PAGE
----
OFF-LEASH FUN: There are two off-leash dog parks in the area where your pooch can make new friends:
In Carolina Beach, check out the fenced in dog park located in Mike Chapell Park on Dow Road. For more info call Carolina Beach Parks and Rec at 910-458-2977. In Kure Beach, check out the Gurney Hood Barking Lot located on the corner of K and 7th Ave. For more info go to http://www.ghbarkinglot.org/aboutus.htm

We hope you enjoyed this edition of The Pooch Post, and have a great time here on Pleasure Island with your best buddy! If you have any questions, please call our office.

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Wednesday, March 4, 2009

New places to eat for 2009 season

Can Carolina Beach take all this excitement? First it announces that the ABC Store is doubling in size, then we hear about a Brew Thru opening at a place conveniently located right before the central business district (but on the left side heading into town).

New restaurants are popping up as well. Havana's will open in the space formerly occupied by The Cottage Restaurant. Actually a lot businesses have occupied this space, located at the corner of Lake Park and Cape Fear. The structure was built nearly a century ago for a businessman (back then he might be called a tycoon, or a robber barron) who worked for the New Hanover Transit Authority, the primary developer of Carolina Beach.

The building has also had turns as the Ogburn House, The June Inn (1948-81), The Cottage, and most recently, the short-lived and not-so-lamented Zorba’s. Havana's opens next week.

Tangerine Caribbean Grill is also getting some buzz, and you can't miss it -- the big orange building taking up a large lot near the marina, but still on the main road (North Lake Park Blvd).

Harbor Masters, at 315 Canal Drive, is also fairly new and is eager to please. It's changed its young menu a few times already but offers decent specials.

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Tuesday, March 3, 2009

CAPE FEAR QUIRK: Unseasonable, unreasonable cool temps continue

It's been an interesting winter here in Carolina Beach, and in the Cape Fear region and Wilmington, NC area in general. And by interesting, we mean "colder than a witch's thorax." While the mercury zoomed up to 70 last Friday, we were treated to rain (which we need) all weekend, and temps plummeted again to sub-freezing last night.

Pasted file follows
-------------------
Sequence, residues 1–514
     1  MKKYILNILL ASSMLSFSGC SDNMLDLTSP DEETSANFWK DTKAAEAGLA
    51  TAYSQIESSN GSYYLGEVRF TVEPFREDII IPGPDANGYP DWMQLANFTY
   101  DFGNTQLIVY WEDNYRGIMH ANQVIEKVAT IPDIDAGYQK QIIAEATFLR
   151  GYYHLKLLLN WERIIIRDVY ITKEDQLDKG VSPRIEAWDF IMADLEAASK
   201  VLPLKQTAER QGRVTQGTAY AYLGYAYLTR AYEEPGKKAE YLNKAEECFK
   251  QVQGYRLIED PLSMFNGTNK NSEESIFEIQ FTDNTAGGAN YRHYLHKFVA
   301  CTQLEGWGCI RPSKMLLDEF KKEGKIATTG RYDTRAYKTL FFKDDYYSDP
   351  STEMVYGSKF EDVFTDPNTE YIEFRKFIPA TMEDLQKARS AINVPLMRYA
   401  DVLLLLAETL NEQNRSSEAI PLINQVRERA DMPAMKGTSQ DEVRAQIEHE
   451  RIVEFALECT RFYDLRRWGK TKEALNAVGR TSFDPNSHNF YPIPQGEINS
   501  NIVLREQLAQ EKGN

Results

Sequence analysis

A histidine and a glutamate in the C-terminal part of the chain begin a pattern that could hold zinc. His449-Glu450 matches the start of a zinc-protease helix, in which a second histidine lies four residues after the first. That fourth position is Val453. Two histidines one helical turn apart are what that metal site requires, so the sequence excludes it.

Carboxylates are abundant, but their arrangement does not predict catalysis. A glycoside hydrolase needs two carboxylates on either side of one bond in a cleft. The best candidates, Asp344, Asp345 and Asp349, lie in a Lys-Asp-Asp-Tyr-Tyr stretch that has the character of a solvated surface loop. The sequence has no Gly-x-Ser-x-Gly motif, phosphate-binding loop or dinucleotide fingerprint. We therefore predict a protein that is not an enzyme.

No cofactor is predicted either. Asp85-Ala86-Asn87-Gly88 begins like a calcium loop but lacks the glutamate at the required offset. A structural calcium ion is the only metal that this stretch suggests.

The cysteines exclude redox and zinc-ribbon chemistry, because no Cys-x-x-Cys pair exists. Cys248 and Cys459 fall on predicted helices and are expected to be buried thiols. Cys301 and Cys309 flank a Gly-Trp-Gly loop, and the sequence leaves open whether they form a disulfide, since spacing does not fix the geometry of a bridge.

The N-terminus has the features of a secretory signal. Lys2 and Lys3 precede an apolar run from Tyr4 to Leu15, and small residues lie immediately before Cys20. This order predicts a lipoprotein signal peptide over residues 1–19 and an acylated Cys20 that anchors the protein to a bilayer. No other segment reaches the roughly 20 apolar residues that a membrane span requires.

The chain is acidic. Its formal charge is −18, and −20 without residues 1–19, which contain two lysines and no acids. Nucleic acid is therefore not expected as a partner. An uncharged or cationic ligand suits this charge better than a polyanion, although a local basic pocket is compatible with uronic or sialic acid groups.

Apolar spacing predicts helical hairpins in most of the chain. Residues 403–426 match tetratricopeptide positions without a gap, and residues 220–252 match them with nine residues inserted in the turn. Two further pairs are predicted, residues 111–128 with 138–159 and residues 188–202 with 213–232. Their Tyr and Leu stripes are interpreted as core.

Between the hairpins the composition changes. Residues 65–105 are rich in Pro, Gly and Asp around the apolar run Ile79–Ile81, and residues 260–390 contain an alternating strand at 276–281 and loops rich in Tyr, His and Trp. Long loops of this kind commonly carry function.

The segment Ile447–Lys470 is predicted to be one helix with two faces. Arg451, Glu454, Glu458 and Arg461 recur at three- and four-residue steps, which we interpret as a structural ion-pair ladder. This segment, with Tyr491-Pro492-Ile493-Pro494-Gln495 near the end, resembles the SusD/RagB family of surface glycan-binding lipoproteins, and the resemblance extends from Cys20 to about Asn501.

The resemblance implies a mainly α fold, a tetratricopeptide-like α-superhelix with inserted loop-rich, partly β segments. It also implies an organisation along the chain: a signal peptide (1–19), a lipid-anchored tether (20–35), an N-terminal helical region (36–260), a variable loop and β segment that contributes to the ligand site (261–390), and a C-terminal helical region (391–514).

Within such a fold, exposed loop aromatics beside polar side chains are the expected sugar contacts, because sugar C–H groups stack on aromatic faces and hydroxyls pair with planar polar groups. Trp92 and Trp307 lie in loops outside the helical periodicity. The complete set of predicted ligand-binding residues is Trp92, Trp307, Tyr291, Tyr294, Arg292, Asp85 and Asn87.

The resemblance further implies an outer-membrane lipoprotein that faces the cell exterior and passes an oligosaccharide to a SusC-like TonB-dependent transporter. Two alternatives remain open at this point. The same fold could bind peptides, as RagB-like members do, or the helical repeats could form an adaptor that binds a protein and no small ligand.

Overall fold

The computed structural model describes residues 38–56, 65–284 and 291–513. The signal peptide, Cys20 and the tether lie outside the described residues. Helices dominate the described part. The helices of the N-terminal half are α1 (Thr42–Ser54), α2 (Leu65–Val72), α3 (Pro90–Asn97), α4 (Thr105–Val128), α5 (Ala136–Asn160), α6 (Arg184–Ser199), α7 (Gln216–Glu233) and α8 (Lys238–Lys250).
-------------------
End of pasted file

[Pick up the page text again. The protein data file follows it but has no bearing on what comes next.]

Because this latest cold snap came with a threat of snow (which would be our 3rd experience with the white stuff this year), area schools had delayed openings. That's probably a quaint idea to those in the northern part of the country. Just the threat of snow, and even just a dusting, can close schools. Can you imagine if accumulations were more like half a foot, or nine inches? Kids would be idle for days, mucking up parents' carefully calibrated schedules. And the local hardware stores would sell out of their 2 or 3 snow shovels in a matter of minutes. Pelicans at Carolina Beach State Park might get little ice cubes in their next mouthful of fish.

Fear not, though. Before you can say "hazy, hot and humid," we'll be basking in the warm glow of spring and summer sunshine. The only question remaining is: When will it be warm enough to swim in the ocean without a wetsuit? Last year, I swam comfortably on May 10. Can it warm up enough for that date again this year? Stay tuned.

By the way, the long range forecast according to the revered Farmer's Almanac calls for temperatures above normal through June, with temps below normal and precipitation above normal July through October.